‘Just let me know if he wakes up,’ he grunted dismissively. He padded across the cabin and out the entrance, ripping back the curtains and letting a brief ray of light in before pulling them back behind him. Aki was left alone in the dusky shack, the unconscious, heavily bandaged and nearly naked human male lying silently in his cot, sleeping peacefully once more.

She pulled up a rickety chair and sat down at the dormant stranger’s bedside, still taken in by his unique, strange appearance. He really did look quite similar to how she had envisioned humans to appear: similar to anthros yet devoid of a muzzle, of fur or scales, and of tail and paws. Somehow, he looked so … plain, like a template that hadn’t had anything added to it yet. And yet, this only seemed to increase her interest in him. Staring him over, she then realized that however curious she was feeling, her sentiments ran more towards compassion, even … affection; as though he were a wounded puppy or something. A little cub she was taking care of …

Aki blushed at the thought and hurriedly pushed it aside. After all, these feelings were likely no more than her emerging maternal, nurturing instincts she developed as she matured. It was perfectly normal for her, at her age, to feel compassion for those around her and to want to care for them. Yeah … yes, that must be it.

Regardless of how she was feeling, the one certain thing was that she found herself unable – or unwilling – to tear her gaze from the man’s bruised yet serene face as he slept on, breathing slowly and deeply.

*

‘So, what was, uh, he like?’ Nessi enquired, her eyes bright with interest.

Aki paused to think, sipping at her herbal tea. She had spent most of the afternoon at the man’s bedside, lost in her own thoughts and with her mind positively bursting with questions. Eventually, Krypp returned, still looking sour from their previous altercation (Nessi had growled indignantly when Aki had told her about it), which Aki took as her cue for an exit. She had originally planned to return home to tell her skeptical mother about the man, perhaps to goad about the fact that he was, by all means, a human, before she remembered her mother had specifically interdicted such a meeting in the first place. She would therefore not be too pleased to hear about Aki’s little trip down to the infirmary – and especially would she be incensed if she knew Aki intended to go back as soon as Krypp exited the cabin. Hence why she was keeping an eye on it from a distance, sitting in the shadow a large oak on the outskirts of town. Nessi, her own cup of tea still warm in her hands, had been waiting for Aki outside the infirmary.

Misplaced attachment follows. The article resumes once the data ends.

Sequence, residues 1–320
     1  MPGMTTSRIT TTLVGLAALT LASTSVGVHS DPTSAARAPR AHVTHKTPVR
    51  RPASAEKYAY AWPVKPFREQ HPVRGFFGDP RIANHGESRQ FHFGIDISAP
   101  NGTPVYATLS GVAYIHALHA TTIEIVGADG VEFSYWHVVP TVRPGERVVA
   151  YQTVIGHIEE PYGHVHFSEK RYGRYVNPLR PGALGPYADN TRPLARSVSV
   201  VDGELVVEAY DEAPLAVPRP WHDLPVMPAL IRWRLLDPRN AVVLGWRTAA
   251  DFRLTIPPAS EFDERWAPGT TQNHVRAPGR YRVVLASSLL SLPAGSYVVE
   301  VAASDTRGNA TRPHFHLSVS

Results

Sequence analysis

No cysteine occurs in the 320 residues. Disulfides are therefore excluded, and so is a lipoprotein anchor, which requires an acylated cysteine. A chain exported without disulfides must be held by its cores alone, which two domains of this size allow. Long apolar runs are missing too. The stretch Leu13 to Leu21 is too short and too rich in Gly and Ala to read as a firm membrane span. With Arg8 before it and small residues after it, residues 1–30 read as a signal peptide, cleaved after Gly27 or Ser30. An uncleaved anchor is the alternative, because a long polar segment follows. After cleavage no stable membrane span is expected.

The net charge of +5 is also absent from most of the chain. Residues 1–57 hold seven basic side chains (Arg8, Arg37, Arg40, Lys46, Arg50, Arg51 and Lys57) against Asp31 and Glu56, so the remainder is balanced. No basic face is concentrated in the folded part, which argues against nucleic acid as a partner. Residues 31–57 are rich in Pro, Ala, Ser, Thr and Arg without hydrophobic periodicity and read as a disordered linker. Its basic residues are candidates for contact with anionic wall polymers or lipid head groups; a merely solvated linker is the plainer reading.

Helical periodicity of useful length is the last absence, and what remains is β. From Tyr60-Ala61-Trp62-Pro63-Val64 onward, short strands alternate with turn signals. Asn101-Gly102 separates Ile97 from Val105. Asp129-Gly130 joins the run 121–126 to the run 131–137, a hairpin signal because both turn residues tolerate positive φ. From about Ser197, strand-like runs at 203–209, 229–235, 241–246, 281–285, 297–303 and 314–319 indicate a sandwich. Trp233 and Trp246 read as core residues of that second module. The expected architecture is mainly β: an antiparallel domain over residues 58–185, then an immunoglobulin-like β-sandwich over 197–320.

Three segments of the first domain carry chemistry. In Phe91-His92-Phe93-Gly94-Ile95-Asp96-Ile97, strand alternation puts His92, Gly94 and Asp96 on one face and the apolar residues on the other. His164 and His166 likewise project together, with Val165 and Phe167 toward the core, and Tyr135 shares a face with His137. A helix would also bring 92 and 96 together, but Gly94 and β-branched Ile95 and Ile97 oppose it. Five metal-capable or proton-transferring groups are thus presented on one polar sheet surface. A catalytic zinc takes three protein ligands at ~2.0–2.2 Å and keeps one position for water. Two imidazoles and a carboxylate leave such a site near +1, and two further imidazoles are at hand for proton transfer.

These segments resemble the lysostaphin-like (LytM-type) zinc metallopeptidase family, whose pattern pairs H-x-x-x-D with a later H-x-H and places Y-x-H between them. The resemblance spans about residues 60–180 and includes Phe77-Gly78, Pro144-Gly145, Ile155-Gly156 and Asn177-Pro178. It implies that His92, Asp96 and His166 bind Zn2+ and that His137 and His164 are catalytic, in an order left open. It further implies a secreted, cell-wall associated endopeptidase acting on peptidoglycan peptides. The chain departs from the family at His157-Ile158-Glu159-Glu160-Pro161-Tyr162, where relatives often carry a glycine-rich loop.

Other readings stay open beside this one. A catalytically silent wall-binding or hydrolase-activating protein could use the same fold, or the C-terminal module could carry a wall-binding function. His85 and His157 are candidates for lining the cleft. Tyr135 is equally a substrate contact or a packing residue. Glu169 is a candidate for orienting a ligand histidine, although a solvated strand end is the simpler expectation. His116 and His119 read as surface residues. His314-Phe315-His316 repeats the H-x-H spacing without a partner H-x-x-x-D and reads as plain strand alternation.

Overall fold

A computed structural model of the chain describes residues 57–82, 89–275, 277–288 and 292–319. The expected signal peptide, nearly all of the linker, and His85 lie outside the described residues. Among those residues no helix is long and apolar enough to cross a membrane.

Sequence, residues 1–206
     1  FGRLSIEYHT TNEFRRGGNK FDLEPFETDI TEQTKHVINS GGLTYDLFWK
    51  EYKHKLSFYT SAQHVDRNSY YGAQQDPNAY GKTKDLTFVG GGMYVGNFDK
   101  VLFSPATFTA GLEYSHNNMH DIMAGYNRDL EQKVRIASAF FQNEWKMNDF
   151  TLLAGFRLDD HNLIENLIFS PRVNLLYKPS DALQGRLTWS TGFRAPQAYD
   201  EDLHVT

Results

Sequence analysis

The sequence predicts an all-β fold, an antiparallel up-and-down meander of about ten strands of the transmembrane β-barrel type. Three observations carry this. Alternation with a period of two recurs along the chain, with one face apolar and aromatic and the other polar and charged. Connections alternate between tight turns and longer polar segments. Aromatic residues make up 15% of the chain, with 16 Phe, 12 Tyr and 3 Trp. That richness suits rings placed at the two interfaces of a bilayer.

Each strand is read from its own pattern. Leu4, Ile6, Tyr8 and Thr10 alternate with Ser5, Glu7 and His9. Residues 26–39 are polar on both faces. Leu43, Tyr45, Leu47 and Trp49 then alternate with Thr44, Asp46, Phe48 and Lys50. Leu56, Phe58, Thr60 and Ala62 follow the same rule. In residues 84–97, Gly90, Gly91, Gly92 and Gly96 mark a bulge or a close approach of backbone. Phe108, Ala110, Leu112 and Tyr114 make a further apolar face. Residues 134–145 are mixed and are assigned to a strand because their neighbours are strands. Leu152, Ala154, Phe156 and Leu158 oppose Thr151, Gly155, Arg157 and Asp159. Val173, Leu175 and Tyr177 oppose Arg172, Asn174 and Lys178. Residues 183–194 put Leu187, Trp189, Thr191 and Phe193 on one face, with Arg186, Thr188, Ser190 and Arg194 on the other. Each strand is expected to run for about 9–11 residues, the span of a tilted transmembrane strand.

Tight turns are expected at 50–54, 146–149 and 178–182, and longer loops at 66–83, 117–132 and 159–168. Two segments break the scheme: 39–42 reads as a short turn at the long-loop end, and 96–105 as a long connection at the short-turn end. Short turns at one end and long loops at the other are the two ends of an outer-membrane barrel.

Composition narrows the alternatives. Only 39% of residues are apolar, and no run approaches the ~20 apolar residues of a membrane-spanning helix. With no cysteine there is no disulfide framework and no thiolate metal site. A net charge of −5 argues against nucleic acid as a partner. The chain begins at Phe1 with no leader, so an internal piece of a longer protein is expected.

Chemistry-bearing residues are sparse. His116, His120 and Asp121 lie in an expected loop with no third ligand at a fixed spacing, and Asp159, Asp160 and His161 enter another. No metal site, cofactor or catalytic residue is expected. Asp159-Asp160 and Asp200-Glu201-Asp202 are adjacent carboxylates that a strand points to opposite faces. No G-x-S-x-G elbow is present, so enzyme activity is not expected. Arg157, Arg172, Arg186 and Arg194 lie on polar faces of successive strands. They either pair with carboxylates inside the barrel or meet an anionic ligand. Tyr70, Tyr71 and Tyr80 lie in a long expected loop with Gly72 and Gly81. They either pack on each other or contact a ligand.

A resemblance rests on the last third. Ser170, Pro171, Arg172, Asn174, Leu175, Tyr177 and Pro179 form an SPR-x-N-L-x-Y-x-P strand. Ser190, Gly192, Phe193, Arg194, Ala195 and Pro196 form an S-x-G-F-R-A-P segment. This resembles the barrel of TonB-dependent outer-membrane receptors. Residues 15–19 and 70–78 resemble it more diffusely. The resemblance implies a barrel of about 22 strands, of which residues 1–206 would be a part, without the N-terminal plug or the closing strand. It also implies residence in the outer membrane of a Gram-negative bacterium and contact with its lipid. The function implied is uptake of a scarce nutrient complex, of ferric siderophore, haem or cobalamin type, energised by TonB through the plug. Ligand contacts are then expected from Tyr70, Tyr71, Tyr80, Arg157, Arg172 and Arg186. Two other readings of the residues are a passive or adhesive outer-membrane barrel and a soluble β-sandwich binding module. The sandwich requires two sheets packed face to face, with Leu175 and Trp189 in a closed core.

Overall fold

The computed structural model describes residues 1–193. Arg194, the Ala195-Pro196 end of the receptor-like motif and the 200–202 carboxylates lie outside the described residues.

‘He’s … uh …’ Aki started lamely, trying to find words to match her thoughts. ‘He looks … different, but not in a bad way. He was all bruised and covered in blood when I got there, the old yote was busy cleaning him up, but after he left I was able to get a good look at him …’

‘You must have, you were in there for an eternity,’ Nessi commented with a glance. Aki rolled her eyes.

‘Yeah, yeah …’

‘So?’ Nessi pressed.

‘Well, I dunno,’ Aki said, semi-truthfully. She was aware of the feelings and thoughts she had when being with the human, only she didn’t fully make sense of them yet. ‘I guess he … I guess he looked kinda good. Weird … no fur or claws or anything, and his face is real flat, there’s no muzzle … but – I dunno, he didn’t seem as ugly as I thought he would.’

‘Hmm,’ said Nessi. Aki wondered if her friend’s mental recreation of Aki’s description was anything like what she had seen.

‘Hey, sounds to me like you think he’s cute or something,’ Nessi said with a playful wink. Aki shot her a mock-offended look; they both broke into silly grins.

‘Oh, and what was all that stuff he was wearing? Were those his clothes?’ Nessi continued.

‘Uh, yeah, I think,’ said Aki. ‘They were all torn and bloody, too; Krypp had to use a knife to get them off him. I … I hope he doesn’t mind that we tore his clothes apart,’ she added, partly to herself.

‘Don’t worry, I’m sure he’ll be too busy panicking over whatever just happened to him to care about his clothes,’ Nessi said, half-jokingly. ‘Besides, it’s not like he needs them; weather’s warm enough as it is.’

‘Hmm …’ said Aki pensively. ‘I dunno … I get the impression he doesn’t just wear clothes to keep warm. He even had clothes over his arms and legs.’

‘Maybe it’s just how it is where he comes from,’ mused Nessi.

‘Yeah … weird,’ said Aki at the thought of a mysterious planet inhabited by fully clothed humans.